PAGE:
Film Stars Don’t Die In Liverpool

Based on a true-life memoir by Peter Turner, written in 1986, Film Stars Don’t Die In Liverpool tells the beautifully poignant story of how a young Scouse actor fell in love with Hollywood femme fatale Gloria Grahame.

He was in his 20s, she was 55 when they met in 1979. As put by the landlord in the Primrose Hill lodgings they shared: “She was a big name in black and white films – not doing so well in colour.” It’s a nice riff on the Norma Desmond lines from Sunset Boulevard about the pictures getting smaller but, as played by Annette Bening, Grahame’s allure still tingles and zings.

For a working-class kid from Liverpool, Turner can’t resist when this exotic, charismatic creature down the hall asks for a light (a classic femme fatale move), invites him in for cocktails and soon has him dancing to the new Saturday Night Fever soundtrack. It’s a lovely little scene and, as Peter is played by Jamie Bell, we suddenly flash back to Billy Elliot, when he was dancing with Julie Walters – and, what do you know, Julie’s only in this too, playing his Mum back in Liverpool, fretting about putting the electric blanket on.

The film references are everywhere in this movie, because it’s partly about the movies and their ability to lie, to dazzle, to distort. Behind Gloria’s bravado and Bogie anecdotes, a sadness and brittle fear lurks. It’s one that Peter wants to banish yet it’s also what attracts him, this vulnerability. Despite an Oscar for The Bad and The Beautiful and roles in classics such as Oklahoma, It’s A Wonderful Life and The Big Heat, when we meet her Hollywood has thrown her out and she’s in England working on the stage, still pulling them in at the Palace Theatre (“The girl who can’t say No says Yes to Watford”).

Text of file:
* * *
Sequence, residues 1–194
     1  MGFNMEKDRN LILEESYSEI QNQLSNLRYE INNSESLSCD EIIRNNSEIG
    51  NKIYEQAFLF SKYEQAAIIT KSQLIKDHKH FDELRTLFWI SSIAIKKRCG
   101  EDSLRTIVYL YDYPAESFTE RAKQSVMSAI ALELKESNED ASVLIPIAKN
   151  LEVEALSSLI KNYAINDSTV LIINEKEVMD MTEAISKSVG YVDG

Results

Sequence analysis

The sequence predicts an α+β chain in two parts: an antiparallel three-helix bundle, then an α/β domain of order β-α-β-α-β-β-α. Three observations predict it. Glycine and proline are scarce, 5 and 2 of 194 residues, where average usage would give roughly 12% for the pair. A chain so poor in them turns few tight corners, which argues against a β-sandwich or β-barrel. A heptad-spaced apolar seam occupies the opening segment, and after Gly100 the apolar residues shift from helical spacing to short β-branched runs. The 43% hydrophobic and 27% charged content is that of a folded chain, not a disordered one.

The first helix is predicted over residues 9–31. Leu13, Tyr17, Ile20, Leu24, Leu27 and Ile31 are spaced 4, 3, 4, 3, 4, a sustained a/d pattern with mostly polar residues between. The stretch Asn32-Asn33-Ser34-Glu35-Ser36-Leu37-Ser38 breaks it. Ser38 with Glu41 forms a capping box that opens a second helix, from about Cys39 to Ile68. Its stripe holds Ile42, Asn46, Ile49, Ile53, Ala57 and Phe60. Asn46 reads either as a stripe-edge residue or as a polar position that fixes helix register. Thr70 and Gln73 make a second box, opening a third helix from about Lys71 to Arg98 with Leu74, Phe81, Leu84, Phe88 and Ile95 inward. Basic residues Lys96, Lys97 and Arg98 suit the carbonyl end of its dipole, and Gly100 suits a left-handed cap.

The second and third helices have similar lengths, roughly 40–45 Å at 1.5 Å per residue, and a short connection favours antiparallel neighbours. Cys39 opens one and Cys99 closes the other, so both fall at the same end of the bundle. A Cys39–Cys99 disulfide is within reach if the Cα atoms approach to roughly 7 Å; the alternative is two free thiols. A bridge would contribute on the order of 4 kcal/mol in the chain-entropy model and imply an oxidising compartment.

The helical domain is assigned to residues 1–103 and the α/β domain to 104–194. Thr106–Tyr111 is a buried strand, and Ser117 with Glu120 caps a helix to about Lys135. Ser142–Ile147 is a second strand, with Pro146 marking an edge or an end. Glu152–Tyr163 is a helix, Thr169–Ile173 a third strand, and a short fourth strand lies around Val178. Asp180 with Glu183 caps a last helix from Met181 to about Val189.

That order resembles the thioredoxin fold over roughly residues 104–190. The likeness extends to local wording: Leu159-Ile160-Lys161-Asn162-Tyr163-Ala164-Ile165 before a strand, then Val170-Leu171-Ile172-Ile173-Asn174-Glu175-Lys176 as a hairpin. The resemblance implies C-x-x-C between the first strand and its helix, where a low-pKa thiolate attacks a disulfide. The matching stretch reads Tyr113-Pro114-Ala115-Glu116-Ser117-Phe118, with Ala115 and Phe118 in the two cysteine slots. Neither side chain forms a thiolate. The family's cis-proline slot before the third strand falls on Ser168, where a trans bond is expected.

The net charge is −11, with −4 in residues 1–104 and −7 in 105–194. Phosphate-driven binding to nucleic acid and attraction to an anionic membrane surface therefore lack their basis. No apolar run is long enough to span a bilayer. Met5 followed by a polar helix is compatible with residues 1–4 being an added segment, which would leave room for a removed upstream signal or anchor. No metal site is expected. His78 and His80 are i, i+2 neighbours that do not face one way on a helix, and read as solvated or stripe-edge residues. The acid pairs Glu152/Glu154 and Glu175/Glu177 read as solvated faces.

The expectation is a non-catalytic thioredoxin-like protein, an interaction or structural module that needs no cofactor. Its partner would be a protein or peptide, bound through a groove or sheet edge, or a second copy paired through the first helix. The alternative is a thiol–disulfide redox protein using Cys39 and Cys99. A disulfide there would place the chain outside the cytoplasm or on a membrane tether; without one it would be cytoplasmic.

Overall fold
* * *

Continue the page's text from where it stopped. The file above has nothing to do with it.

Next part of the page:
And it’s this clash between the perceived glamour and the everyday that gives the film both its humour and its pathos. Turner’s and Grahame’s romance feels genuine, sweet and pure until real life intrudes, in the form of petty jealousies, snobberies and the desire to work.

Turner’s family bring a touching sensitivity to these themes – Julie Walters and Kenneth Cranham as Mum and Dad, Stephen Graham as the scally brother with the leather jacket and permed hair. It’s a great wallpaper movie, going to town on the faded decor of their Liverpool terraced house, all contrasted with Gloria’s sunlit California home by the sea… although even this is cleverly revealed to be a trailer home rather than a mansion in the Hollywood Hills.

Much of this is revealed in flashback. The screenwriter Matt Greenhalgh clearly knows how to hold his mysteries, just like a great screen actresses used to. As Gloria says: “Bogie gave me the best advice: ‘Keep it in the shadows, kid, let the camera come to you’.”

But the title does, of course, hint at tragedy and the film opens with Gloria collapsing in the Lancaster Hotel and requesting to be looked after by Peter and his unsuspecting family in the freezing rain of Liverpool. You couldn’t get less glamorous, but this craving for intimacy, family and warmth (even if it’s an electric blanket rather than the Malibu sun) is what makes the whole film such a delicate delight.

Bell is terrific here, full of still-boyish innocence but imbuing it with a cool confidence in his own strength and talent. His is an extremely likeable, heartfelt turn. In the more flamboyant role, Bening is reliably excellent, delivering the whip smart one-liners and flirtatious starriness that immediately slays Peter but really earning her smarts with the peeks behind that fallible grande dame facade – we’re all suckers for that stuff, even when it happens at the breakfast table over a bacon sarnie.

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